|Publication number||US4753372 A|
|Application number||US 06/946,587|
|Publication date||Jun 28, 1988|
|Filing date||Dec 24, 1986|
|Priority date||Dec 24, 1986|
|Publication number||06946587, 946587, US 4753372 A, US 4753372A, US-A-4753372, US4753372 A, US4753372A|
|Inventors||Richard L. Pocock, Kevin M. Looney|
|Original Assignee||Beta Partners Limited Partnership|
|Export Citation||BiBTeX, EndNote, RefMan|
|Patent Citations (23), Non-Patent Citations (2), Referenced by (9), Classifications (16), Legal Events (5)|
|External Links: USPTO, USPTO Assignment, Espacenet|
This invention relates in general to the field of sanitizing beverage dispensing systems, and in particular, to providing a compact system for sanitizing the type of beverage dispensing system that uses a pump that draws the beverage from a single port, collapsible container which is otherwise air tight.
Systems for dispensing beverages such as beer, soda, milkshakes and wine, commonly incorporate a beverage or flavor source container, connected through hoses or lines to a dispensing head. For simplicity, the beverage or flavor will be referred to as "beverage," although it will be understood that often, other ingredients, such as carbonated water, are mixed with the beverage before it is served. Ordinarily, the beverage is driven from the source container by pressurized air or carbon dioxide injected into the container. Often, the connecting hoses between the beverage source and the dispensing head are rather long, as when the beverage source containers are kept far away from the dispensing head. Due to the sticky nature of most beverages, and simply for sanitary reasons, it is necessary to clean and sanitize the elements of the beverage dispensing system frequently, including the hoses that connect the beverage source to the dispensing head, and the plumbing in the dispensing head itself.
It should be noted that in the art of food and beverage sanitation, the terms "cleansing" and "sanitizing" have distinct meanings. "Cleansing" means to remove particulate matter. "Sanitizing" means to kill microorganisms. In general, cleansing fluids are different from sanitizing fluids. In the case of beverage dispensing systems, however, it is common to provide a combined sanitizing/cleansing fluid. For simplicity, the term "sanitizing" fluid may be used to mean sanitizing/cleansing, in connection with beverage systems.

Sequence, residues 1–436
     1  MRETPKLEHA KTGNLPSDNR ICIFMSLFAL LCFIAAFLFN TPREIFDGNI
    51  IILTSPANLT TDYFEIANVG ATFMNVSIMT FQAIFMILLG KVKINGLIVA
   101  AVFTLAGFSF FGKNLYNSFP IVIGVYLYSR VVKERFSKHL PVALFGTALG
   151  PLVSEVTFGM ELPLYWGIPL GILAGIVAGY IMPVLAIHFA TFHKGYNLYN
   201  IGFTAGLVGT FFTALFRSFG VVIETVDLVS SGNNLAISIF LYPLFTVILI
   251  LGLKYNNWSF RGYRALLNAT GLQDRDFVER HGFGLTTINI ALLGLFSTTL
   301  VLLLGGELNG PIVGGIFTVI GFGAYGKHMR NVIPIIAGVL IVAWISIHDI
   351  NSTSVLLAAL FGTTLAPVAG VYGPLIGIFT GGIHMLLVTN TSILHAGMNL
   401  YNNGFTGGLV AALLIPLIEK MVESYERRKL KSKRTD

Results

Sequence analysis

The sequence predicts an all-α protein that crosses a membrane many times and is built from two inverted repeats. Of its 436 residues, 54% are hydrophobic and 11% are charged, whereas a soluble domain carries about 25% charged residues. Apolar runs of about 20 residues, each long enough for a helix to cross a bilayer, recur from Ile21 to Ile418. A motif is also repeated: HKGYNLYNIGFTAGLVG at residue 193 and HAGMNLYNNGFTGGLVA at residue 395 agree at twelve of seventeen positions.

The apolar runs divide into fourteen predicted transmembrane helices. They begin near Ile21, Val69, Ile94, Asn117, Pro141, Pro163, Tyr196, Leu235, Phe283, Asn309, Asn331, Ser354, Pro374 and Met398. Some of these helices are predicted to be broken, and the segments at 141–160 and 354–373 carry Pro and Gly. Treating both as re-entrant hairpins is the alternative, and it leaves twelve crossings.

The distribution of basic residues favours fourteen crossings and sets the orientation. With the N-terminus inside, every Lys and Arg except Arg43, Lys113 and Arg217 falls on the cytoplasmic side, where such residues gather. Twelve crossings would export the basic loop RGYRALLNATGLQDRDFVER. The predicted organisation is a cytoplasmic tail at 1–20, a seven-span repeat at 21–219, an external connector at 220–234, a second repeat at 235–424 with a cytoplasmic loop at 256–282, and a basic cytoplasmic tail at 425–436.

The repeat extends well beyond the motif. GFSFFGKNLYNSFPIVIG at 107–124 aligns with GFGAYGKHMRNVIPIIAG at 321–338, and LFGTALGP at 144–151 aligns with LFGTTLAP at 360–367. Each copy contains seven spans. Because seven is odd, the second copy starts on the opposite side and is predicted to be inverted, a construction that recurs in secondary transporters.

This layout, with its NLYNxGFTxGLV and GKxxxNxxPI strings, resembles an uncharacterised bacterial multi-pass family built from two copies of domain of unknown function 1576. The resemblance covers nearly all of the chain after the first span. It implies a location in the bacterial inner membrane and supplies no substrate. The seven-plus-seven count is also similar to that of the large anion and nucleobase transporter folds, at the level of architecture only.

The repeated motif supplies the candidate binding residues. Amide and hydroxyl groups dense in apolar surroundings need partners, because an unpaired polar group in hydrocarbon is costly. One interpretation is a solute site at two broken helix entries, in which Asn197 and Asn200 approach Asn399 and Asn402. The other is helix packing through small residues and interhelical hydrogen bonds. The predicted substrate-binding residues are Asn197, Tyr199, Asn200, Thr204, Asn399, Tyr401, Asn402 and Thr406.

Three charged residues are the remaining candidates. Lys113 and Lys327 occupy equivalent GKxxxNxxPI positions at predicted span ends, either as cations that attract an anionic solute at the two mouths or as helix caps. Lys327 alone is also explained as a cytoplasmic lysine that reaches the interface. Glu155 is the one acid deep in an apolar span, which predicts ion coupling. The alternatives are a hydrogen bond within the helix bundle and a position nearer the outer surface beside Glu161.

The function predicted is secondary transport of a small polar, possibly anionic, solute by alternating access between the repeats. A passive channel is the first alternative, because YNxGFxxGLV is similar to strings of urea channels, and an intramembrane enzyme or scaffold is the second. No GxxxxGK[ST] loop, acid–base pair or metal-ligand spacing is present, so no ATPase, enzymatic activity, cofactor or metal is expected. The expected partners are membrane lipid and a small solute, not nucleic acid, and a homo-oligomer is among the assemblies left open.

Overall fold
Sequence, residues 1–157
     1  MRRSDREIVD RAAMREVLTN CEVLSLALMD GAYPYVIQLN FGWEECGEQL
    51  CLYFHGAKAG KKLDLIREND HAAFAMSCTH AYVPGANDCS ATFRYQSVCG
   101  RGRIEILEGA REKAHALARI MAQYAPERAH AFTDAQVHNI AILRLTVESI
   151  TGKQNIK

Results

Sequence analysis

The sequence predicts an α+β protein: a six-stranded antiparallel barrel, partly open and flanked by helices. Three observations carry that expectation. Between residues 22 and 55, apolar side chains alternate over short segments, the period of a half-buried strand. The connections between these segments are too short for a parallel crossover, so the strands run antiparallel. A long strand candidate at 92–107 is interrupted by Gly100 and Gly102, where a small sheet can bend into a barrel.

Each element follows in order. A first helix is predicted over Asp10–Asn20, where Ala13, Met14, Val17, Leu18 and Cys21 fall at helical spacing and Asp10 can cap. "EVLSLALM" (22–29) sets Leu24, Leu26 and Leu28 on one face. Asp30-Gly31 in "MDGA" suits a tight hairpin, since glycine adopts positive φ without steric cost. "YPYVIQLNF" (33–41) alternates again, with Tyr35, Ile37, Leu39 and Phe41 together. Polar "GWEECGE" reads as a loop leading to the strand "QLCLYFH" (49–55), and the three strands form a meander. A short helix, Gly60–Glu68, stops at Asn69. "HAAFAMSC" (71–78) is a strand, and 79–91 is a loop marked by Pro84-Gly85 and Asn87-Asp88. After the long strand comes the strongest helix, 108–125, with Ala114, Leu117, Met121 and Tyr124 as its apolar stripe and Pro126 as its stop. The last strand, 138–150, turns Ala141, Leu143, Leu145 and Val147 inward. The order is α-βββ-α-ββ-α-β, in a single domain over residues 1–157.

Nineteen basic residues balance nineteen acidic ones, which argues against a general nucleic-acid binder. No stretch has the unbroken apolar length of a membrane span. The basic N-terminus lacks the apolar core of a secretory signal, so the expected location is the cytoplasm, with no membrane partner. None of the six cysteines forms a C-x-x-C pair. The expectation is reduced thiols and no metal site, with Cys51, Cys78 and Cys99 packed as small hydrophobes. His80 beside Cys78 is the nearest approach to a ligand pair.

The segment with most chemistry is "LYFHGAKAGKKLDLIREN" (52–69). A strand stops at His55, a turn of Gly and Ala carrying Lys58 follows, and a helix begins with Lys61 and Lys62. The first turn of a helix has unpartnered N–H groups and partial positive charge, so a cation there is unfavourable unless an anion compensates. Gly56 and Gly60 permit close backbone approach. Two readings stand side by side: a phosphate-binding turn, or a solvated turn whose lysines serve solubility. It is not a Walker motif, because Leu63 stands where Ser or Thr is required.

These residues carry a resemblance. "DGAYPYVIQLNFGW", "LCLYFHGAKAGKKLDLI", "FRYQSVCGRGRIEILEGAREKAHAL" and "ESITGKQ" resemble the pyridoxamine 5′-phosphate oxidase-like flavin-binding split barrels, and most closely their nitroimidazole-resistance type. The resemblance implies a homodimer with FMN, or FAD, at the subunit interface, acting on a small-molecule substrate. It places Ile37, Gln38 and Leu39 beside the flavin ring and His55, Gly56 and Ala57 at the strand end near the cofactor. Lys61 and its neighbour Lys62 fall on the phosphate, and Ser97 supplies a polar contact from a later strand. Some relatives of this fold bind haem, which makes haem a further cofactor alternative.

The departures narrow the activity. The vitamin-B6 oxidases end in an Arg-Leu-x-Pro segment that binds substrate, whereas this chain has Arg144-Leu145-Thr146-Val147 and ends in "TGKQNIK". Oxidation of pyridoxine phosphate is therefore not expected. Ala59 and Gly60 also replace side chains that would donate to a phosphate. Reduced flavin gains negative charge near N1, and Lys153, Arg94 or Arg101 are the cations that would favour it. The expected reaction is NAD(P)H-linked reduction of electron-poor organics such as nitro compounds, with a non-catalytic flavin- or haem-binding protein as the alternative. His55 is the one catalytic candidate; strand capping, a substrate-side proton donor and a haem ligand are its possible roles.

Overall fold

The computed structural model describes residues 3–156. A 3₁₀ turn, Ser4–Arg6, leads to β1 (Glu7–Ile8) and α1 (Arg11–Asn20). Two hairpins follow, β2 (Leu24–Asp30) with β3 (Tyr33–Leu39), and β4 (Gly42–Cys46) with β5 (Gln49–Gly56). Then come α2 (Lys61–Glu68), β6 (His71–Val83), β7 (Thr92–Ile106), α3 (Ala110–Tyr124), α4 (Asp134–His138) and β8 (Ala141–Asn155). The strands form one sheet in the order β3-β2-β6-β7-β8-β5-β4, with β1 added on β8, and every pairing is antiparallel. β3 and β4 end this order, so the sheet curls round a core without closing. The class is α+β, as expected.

Several methods for sanitizing beverage delivery systems exist. The most primitive method is to connect the end of the hose that is normally connected to the beverage source to a carbon dioxide source and to merely pump the carbon dioxide through, blowing out as much foreign matter as possible. This method does not, however, sanitize the system with any sanitizer.
Another method is to connect each individual hose to a series of tanks of fluid and to force pressurized air, water (may be a cleanser), sanitizing fluid, water and again pressurized air through the system to sanitize the hoses and the dispensing head. With a many beverage system, such as a soft drink fountain in a fast food establishment, or in a bar, this process is time consuming and cumbersome. In practice, proprietors often do not sanitize the system as often as necessary. Thus, the syrup or beverage flavor amounts must be adjusted to accomodate for the decrease in flow resultant from contamination and blockage. Commonly, the system departs from the proper flavor balance. Even worse, the system may become unhealthful due to the presence of microorganisms.
Rather than the aforementioned process in which one drink hose at a time is connected to each of the various fluids necessary for sanitizing, it is known to connect all of the beverage lines at once to a manifold that permits fluid communication among the drink lines and a common input port. To clean the system, each drink line is attached to an output port of the manifold. Initially, carbon dioxide will be connected to the input port. Thus, carbon dioxide will pass through the input port and into the main chamber of the manifold and then out through each of the drink lines to the fountain head. By opening each dispensing valve at the fountain head, the carbon dioxide drives out the remaining beverage in the line, thereby avoiding waste of the drink. After all of the beverage has been consumed or emptied, the various fluids are connected sequentially to the input port. Each of the fluids, such as water and sanitizing fluid, are contained in pressurizable containers and are driven through the manifold and hose system by carbon dioxide or some other pressurized gas. Usually, a water source is connected first to the manifold input. Sequentially, after the water source, a sanitizing fluid source may be connected, then again the water source, to remove any traces of the sanitizing fluid, and finally a carbon dioxide, or pressurized air source to dry out the hoses. After sanitizing in this manner, the individual drink hoses are reconnected to the drink containers and dispensing of drink may continue.